One hairdresser of 28 years in Derry says that “come Friday, no wages, no financial support.”
Salons and beauty parlours were forced to shut for four weeks as part of a limited lockdown that began on October 16.
But papers published by Stormont to show the scientific reasoning behind the lockdown indicates that the move could have a minimal impact on Covid-19’s spread.
Stormont ministers were told shutting hair salons, barber shops and beauty parlours – which all fall under the category of close-contact services – is likely to reduce the reproduction (R) number by 0.05.
The R number is the number of people a person with Covid is likely to infect and the goal is to keep R below 1.
Ministers were also advised that salon closures could “disproportionately” affect women and the “poorest” people.
Hospitality businesses have been limited to takeaway services for a month, but by contrast the closure of bars, restaurants and cafes is estimated to reduce R by between 0.1 and 0.2.
The advice provided to ministers said each visit to a hair or beauty salon “is likely to be high risk as it involves prolonged, face-to-face contact”.
But it added that as these visits are “relatively infrequent” the overall impact on the R number is “more limited”.
The paper stated that the potential reduction in R is thought to be “up to 0.05, though precise estimation is very difficult”.
It also suggested that the use of appropriate personal protective equipment (PPE) can “mitigate risk” and that many salons are “already careful with hygiene”.
The paper added that evidence from the US-based Centre for Disease Control (CDC) “suggests masks were effective at stopping transmission in a hair dressing salon, but some evidence of infection transmission among hairdressers in the UK”.
In terms of the consequences of closure, the paper advises this would results in “high direct impacts resulting from the loss of income for staff” and added this was “likely to disproportionately affect” the poorest people and women.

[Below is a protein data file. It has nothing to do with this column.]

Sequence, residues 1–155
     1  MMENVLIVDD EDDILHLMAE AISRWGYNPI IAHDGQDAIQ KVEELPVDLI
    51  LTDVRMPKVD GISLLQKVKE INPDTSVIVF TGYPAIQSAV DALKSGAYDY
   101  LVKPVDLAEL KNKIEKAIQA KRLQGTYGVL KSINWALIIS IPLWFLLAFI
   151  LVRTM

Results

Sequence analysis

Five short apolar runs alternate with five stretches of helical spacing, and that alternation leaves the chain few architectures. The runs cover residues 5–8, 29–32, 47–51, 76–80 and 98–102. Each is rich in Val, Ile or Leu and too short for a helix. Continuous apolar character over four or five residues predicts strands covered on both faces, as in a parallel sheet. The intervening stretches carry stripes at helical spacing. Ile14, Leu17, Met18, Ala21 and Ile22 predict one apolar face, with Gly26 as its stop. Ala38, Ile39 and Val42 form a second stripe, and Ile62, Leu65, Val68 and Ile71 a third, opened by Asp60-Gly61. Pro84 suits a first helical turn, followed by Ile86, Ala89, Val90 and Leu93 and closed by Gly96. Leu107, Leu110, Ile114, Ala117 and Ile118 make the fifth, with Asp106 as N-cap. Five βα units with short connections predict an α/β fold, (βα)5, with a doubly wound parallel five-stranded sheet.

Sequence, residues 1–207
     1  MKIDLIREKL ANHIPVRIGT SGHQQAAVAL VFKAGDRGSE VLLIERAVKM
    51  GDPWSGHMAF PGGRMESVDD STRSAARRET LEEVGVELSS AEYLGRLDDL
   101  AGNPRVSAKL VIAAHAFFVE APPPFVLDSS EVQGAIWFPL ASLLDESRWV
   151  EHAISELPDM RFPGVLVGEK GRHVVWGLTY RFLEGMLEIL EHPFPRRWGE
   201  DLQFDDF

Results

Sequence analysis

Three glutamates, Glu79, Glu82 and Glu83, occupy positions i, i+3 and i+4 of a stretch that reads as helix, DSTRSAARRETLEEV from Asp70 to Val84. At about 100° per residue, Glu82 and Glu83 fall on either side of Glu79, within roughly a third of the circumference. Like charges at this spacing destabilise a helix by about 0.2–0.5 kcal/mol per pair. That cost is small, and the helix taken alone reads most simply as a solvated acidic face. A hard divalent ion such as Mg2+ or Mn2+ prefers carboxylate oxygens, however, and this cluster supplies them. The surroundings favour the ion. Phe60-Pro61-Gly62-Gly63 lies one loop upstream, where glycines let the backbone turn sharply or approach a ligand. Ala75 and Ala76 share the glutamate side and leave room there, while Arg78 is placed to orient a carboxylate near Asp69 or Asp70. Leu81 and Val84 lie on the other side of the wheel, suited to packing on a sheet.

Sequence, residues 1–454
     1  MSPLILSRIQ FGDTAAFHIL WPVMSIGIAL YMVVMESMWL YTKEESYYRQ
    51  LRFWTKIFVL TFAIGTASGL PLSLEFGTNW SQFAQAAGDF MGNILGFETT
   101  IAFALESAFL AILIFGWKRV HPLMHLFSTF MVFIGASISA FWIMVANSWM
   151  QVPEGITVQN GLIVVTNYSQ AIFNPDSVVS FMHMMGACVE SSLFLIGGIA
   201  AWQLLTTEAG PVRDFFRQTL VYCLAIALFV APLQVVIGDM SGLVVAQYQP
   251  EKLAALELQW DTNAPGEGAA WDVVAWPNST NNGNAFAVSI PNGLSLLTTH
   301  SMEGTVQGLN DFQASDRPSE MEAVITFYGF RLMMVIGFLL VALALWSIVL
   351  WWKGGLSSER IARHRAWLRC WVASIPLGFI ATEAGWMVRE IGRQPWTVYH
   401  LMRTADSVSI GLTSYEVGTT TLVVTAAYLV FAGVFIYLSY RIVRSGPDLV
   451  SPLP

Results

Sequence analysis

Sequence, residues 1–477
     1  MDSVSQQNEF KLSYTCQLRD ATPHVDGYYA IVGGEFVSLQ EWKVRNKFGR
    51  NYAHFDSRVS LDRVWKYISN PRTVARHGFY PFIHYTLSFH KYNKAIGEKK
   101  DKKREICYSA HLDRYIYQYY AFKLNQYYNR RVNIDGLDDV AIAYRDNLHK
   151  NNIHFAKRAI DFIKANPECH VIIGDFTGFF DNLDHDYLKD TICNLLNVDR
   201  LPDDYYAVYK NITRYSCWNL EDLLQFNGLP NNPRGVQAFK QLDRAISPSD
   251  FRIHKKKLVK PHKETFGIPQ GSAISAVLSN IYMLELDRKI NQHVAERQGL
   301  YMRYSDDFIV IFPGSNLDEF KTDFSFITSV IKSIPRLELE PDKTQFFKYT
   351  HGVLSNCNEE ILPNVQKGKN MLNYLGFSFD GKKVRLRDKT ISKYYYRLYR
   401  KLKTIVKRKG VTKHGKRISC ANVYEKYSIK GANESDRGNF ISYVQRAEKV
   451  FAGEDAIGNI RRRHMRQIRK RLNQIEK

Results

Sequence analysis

Kerry Doherty has been a hairdresser for 28 years.
She is self-employed and rents a chair in a salon in Derry.
She said she was “quite shocked” by the paper and cannot understand why salons have to close when the estimated impact on R number is so low.
“We were told to close down, that we had to make the sacrifice to protect people from Covid, which is 100%, I totally agree.
“And now this report is saying closing me and other hairdressers does next to nothing to help stop Covid.”
The mother of three added: “I really don’t believe that we should have been shut down because we had been taking all the precautions.
“I’ve been sterilising the chairs – one in, one out. Everything was sterilised, cleaned after every customer.”
She added that she wore PPE, disposable gowns and had “everything in place with the guidelines that had been set out”.
Ms Doherty added that because she rents a chair rather than owning a salon, she is not eligible to the financial support available to business owners.
“Come Friday, no wages,” she said, adding that she and other hairdressers “haven’t been allowed to work, feed our families, pay our bills”.
“It’s two days away and the people who told me to close haven’t come back to give us any financial support.”